Last financial year was a game of two halves for Imperial, which enjoyed a strong start to the period but saw sales slump after the smoking ban was introduced on July 1 – particularly since smokers were unwilling to loiter outside pubs in the rain. This led to a 2% fall in volumes for the year as a whole.
And the outlook is no better – Imperial thinks the initial impact of the ban will even out, but it’s still expecting the UK market to shrink by about 3 or 4% per year from now on.
Of course, most people are unlikely to shed any tears for big cigarette companies, which tend to be on a par with arms dealers and human traffickers in the popularity stakes.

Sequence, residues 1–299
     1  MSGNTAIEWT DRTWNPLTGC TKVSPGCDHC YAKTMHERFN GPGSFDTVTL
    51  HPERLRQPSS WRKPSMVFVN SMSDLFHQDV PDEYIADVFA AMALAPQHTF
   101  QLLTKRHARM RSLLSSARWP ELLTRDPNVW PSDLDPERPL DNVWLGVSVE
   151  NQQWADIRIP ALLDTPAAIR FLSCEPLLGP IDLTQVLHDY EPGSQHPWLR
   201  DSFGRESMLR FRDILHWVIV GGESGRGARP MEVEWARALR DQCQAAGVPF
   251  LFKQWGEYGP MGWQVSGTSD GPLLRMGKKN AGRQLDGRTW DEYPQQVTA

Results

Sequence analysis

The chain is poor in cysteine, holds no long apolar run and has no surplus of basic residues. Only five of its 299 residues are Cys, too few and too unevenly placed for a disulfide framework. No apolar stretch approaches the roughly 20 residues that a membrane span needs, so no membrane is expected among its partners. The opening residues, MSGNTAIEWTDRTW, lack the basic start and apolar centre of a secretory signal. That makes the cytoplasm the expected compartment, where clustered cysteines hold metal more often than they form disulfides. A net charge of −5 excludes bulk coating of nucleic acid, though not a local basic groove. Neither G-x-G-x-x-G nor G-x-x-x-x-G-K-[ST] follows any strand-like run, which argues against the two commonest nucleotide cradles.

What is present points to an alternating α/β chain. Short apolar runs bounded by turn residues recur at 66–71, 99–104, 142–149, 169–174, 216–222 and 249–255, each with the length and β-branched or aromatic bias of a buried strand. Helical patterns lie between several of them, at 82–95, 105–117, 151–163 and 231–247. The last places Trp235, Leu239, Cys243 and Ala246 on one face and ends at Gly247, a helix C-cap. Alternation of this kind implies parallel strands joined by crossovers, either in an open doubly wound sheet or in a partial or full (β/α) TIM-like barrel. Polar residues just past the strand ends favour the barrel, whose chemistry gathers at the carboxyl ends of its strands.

This is particularly true when they make up for the shortfall in the developed world by flogging more cigarettes to emerging markets. Imperial, which has expanded its horizons beyond the UK to become the world’s fourth biggest tobacco company, saw increased growth in Eastern Europe, Africa and Asia last year. That took its total revenues to £3.3bn, a 4% increase, with operating profit up 8% to £1.4bn. It is also on track to complete its £11bn takeover of Spanish rival Altadis in January (a rare example of a UK company getting its hands on a European rival, rather than vice versa).
So it’s still making plenty of money, and is likely to continue doing so. As chief executive Gareth Davis said today: ‘Tobacco is an extremely resilient sector and it always withstands the bad times very well’.
That’s the major benefit of your customers being chemically addicted to your products, presumably.